6. The indivisibility of Genesis 2:4, as well as its content, points to the traditional conclusion that Genesis 2:5-25 are an amplification only of the sixth "day" of the creation week.
Similarities to and differences from the other positions
1. Conservative adherents of the Calendar Day view, the Day-Age view, and the Framework view, share a number of points in common with the Analogical Days view. These include the propriety of attributing "historicity" to Genesis 1-3 (see discussion of that word in the Definitions section of this report); the rejection of source-critical theories of these chapters as originally disparate, and ultimately incompatible; and adherence to the authority of the New Testament as interpreter of these chapters.
2. The Calendar Day, Day-Age, and Analogical Day views all see the days as sequential, while the Framework view sees sequentiality as optional at best. The Calendar Day and Day-Age views take the strongest position on sequence, while the Analogical Days view is more reserved about strict sequentiality (and hence cautious about harmonization with geology). 
3. With the Day-Age view, the Analogical Days view sees the days as potentially long periods; unlike that view, it does not arrive at that position by appeal to "day" in its sense "period of undefined length." Instead it finds an analogical application of the ordinary sense of the word "day."
4. Finally, the Day-Age, Analogical Days, and Framework interpretations do not involve rejection of conventional cosmology and geology. (The stance taken toward evolutionary biology, a different science, is different; see the discussion of "evolution" in the Definitions section.) Although some adherents of the Calendar Days view do not insist on young-earth cosmology and geology, most do.
Strengths of the position
This position claims the following factors in its favor, which commend it to others'acceptance:
1. It derives from a discourse-oriented study of the text of Scripture in the original languages. Although it is in principle responsible to re-evaluate our interpretation of the Bible in the light of widely accepted scientific theories, it is dangerous to set out with the purpose of harmonization. This interpretation does not fall foul of such a warning. As an exegetical position it is compatible with old-earth creationism as well as with young-earth creationism, but requires neither.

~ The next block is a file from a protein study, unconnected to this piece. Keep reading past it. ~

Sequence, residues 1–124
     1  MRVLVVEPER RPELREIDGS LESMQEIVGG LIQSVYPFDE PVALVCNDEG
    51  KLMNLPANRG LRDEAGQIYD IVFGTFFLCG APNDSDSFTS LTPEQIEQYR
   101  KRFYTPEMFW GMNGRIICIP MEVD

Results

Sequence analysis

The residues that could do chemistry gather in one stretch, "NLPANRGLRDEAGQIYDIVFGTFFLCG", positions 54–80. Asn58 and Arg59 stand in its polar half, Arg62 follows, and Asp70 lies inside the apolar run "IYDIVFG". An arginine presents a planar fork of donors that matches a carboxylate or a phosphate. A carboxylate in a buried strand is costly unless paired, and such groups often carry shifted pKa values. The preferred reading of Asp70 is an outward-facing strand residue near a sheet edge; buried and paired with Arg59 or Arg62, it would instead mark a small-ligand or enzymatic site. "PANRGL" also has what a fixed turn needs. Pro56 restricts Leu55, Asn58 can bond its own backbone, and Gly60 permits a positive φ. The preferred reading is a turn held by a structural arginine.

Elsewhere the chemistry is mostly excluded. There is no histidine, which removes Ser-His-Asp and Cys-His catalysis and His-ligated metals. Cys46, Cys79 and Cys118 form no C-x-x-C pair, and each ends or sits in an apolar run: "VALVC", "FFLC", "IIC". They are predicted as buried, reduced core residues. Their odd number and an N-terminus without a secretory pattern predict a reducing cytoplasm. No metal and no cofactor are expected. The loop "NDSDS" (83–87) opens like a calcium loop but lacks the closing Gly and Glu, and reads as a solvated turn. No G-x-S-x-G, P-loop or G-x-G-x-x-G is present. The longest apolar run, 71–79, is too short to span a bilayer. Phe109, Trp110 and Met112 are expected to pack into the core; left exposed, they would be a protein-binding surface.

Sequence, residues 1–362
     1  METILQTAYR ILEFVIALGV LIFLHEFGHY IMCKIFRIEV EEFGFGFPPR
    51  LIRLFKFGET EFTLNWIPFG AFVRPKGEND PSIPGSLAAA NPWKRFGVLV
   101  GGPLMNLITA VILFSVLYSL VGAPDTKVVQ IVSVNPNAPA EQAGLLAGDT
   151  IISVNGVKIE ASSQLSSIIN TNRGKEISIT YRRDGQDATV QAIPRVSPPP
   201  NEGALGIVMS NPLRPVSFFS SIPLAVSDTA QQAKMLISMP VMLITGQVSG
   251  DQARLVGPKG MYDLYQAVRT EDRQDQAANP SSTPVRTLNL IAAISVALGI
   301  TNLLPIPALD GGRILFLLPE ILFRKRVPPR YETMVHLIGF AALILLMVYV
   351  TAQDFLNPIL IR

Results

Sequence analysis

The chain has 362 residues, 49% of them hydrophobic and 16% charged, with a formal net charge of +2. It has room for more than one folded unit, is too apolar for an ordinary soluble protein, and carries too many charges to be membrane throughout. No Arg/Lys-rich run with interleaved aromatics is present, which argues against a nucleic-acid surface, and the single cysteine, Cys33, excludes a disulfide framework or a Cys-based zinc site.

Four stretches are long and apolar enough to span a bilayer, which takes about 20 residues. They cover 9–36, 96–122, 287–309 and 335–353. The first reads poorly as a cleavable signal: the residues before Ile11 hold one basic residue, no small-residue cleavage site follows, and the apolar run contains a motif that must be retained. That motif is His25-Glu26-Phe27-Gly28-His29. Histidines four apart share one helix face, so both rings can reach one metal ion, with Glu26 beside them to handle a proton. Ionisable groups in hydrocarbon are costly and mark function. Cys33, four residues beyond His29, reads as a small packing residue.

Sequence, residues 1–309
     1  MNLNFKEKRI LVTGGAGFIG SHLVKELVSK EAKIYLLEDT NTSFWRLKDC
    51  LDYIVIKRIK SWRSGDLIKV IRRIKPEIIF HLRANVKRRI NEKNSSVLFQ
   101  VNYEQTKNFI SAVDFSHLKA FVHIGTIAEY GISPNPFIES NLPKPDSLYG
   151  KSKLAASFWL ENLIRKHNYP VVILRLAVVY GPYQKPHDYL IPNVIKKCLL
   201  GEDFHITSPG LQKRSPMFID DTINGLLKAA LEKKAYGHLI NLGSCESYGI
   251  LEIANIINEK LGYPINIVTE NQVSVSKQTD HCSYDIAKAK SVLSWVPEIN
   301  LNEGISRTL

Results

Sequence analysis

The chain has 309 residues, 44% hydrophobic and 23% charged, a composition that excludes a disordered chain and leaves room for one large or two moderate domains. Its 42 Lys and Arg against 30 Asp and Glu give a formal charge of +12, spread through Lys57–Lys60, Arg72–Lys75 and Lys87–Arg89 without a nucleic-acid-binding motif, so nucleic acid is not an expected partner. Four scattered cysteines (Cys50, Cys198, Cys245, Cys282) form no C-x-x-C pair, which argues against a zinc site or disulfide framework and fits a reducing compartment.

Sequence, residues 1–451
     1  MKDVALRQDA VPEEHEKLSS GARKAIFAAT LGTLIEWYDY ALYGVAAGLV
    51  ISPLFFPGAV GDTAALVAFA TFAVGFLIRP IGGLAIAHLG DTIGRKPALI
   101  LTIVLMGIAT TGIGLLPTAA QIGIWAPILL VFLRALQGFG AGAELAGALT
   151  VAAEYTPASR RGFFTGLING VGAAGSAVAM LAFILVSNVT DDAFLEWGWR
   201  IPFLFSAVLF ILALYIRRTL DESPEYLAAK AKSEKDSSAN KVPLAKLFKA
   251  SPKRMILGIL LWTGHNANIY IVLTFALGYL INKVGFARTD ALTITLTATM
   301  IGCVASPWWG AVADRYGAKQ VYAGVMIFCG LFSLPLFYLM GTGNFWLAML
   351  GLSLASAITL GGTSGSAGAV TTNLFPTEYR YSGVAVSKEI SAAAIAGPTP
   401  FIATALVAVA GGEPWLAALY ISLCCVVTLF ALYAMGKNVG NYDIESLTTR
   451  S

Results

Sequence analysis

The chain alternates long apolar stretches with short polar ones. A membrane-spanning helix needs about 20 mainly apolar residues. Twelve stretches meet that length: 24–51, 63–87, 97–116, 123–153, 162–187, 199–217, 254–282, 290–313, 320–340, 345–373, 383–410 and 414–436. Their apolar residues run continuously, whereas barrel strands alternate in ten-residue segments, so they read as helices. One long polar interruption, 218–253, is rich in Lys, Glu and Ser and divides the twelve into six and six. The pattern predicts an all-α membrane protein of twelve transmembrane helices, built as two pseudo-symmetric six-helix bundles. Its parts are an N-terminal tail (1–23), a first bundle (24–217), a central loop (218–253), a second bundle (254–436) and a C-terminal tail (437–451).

2. The toolkit of discourse and literary methods, when applied to the rest of Genesis 2—3, yield such results as: rejection of source-critical theories of the passages'origin; affirmation that we do not have here two "creation accounts"; resolution of alleged contradictions between Genesis 1 and 2 (e.g. at 2:5-6, 19); vindication of the Pauline reading of Genesis 3, including Adam's role as first human and covenant head of humanity, and different role relationships for men and women within the context of their equal bearing of God's image. Application of these tools does not in any way question the "historicity" of the events narrated in these chapters, but in fact supports it. These methods attempt to systematize what good grammarians and exegetes through the ages have "felt."
3. Though the interpretive scheme itself, as well as some of the arguments employed for it, may sound novel to some, it does not actually involve any grammatical or semantic innovations.
4. The developed arguments for the view claim to account for all the details of the text.
5. This view is explicitly built on the desire to be ruled by Scriptural reflections on the account, especially those regarding work and the Sabbath (Exodus 20:8-11; John 5:17; Hebrews 4:3-11). In particular, it is strongly Sabbatarian in its orientation, and explains how our Sabbath can be grounded in God's by the principle of analogy.
6. The stress on the principle of analogy between God's work and ours means that it has special creative events built into it, and hence while it favors some sort of intelligent design model for biology it is incompatible with theistic evolutionary schemes.
Objections to the position
The following objections may be raised to this interpretation, which advocates must be sure to answer:
1. The discourse and literary methods to which it appeals are new, and not unanimously or consistently employed by Bible scholars.
2. The scheme requires explanation to show that it is not too subtle for the ordinary Hebrew to have understood it, or for the ordinary believer today to understand it.
3. Other explanations for the absence of the refrain on the seventh day have been offered by responsible commentators, and need to be considered.
4. No other Scriptural examples are offered where time indicators are used analogically.
5. Though it may claim a kind of continuity with Augustine (as well as Anselm, and sympathy from Aquinas), it is not really the same as his instantaneous creation view. Hence its continuity may be said to be selective.
E. Other Interpretations of the Creation Days
There are other interpretive schemes that are probably represented in the PCA, but are not represented on the Study Committee. We will summarize them briefly.
1. The "intermittent day" interpretation
In this scheme the days are calendar days of creative activity, separated by periods of unspecified length. That is, the days are "normal," and consecutive, but not contiguous.